Location: Wisconsin, United States

Friday, February 8, 2008

New Offerings

"The Spring visiteth not these Quarters so timely. Summer imparteth a verie temperate heat, recompencing his slow fostering of the fruits with their kindly ripening. Autumne bringeth a somewhat late harvest. In Winter we cannot say the Frost and Snow come verie seldome and make a speedie departure." Richard Carew, The Survey of Cornwall,1602.

This long hard winter has not only given me a bad case of cabin fever but also more time than usual to research new seed sources and crops to grow. From a small seed company in Bali, Southern Italy, I have secured seed of the following vegetables:

Lampascioni (wild onions from Puglia); Actually the bulb of a wild hyacinth, people wax eloquent over the taste of these fried in olive oil, stewed etc..

Cimi di Rapa Leccesse (broccoli raab); This rapini forms a very large head said to be as big as your fist.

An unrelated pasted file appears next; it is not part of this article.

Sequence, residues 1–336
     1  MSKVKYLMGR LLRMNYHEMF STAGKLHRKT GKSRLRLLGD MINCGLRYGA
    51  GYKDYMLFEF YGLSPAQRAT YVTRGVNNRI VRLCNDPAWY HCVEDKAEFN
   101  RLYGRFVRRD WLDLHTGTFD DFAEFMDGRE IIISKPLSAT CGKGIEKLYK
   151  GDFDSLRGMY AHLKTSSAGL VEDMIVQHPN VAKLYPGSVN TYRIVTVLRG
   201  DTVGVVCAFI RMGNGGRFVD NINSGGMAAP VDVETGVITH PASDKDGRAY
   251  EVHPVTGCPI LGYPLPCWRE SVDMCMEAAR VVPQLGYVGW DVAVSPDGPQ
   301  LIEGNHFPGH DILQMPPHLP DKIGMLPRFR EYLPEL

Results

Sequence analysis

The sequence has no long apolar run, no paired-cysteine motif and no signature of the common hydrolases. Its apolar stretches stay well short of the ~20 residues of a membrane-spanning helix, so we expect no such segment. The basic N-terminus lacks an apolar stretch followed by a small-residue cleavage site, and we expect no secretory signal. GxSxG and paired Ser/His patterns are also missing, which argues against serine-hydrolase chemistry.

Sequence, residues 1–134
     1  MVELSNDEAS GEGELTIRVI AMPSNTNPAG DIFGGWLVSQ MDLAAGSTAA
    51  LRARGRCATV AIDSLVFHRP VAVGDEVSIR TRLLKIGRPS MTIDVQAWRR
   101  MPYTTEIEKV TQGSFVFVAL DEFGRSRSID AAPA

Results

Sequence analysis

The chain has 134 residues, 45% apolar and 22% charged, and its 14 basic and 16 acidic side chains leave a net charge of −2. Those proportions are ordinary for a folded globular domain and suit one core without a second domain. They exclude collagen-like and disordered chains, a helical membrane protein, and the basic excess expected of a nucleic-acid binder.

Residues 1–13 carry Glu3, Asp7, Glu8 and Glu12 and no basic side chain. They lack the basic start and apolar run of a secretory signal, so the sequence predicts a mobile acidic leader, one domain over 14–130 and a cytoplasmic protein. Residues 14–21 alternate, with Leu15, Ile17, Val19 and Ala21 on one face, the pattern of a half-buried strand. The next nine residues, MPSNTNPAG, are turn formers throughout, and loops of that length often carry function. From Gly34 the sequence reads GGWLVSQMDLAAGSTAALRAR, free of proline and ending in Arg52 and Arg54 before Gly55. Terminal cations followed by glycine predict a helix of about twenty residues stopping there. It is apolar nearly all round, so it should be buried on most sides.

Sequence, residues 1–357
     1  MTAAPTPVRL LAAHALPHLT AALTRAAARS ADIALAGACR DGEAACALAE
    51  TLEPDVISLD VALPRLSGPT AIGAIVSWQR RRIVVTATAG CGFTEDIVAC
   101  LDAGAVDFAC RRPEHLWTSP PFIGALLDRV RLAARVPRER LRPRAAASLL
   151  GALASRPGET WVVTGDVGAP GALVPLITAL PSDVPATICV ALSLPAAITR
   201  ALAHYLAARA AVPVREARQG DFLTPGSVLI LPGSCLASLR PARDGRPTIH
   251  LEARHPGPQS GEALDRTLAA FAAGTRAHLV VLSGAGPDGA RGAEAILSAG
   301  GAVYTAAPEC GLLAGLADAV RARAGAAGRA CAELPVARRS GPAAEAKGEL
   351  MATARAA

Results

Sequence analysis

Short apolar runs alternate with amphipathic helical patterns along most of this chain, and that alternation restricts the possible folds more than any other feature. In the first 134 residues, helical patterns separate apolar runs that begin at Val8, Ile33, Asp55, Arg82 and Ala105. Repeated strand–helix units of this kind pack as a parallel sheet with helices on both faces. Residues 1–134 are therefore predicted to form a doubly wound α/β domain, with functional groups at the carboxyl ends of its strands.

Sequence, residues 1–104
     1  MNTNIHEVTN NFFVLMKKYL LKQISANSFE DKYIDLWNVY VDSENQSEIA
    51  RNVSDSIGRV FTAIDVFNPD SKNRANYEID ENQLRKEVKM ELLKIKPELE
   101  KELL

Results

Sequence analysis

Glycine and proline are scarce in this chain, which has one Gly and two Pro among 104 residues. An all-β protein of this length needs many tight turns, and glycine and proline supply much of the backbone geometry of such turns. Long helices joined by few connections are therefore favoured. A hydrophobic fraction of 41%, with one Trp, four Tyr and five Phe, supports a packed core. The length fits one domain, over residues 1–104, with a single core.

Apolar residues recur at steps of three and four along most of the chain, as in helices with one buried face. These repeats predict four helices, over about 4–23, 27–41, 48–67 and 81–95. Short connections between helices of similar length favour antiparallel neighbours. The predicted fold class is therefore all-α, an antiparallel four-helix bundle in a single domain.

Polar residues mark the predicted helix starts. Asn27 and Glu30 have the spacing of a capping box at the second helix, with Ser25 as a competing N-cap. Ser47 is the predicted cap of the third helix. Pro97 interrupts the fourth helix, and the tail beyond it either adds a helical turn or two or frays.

Cucumber Melon Barese; This cucumber exhibits a thick, white, sweet flesh with melon undertones that I wish more people would try.

Escarole Cardoncella Barese; A regional variety escarole from Bari that has very long, thick, crunchy stems. It is great for those who love escarole stems.

Sedano Gigante Dorato; Golden yellow, very large celery with sweet and tender stalks. If you are used to supermarket celery and have never tried Italian types, you are in for a real taste treat.

Cauliflower of Macerata; Great tasting Southern Italian specialty with a green head. Nice cooked with pasta.

Fava Bean Precoce Violetto; A choice fava direct from Italy, it's pods contain beans that become brilliant violet when ripe.

The large colorful seed packets of these Italian vegetables sure offer some relief from cabin fever as I gaze upon them spread out on my living room floor. Soon the first plantings in my greenhouse will begin. Also, our thanks to all of you who haved continued to shop at our market stand during our difficult transition from the Hilldale Farmers Market to the Dane County Farmers Market. Jean and I look forward to seeing all of you soon!!!


Blogger Peter said...

Fava beans are nice, but lima beans are better! Do you realize I've never seen a fresh lima bean?

Nice to see you are blogging again. Regards to Jean, and especially, Lucy.

February 15, 2008 at 7:27:00 PM CST  

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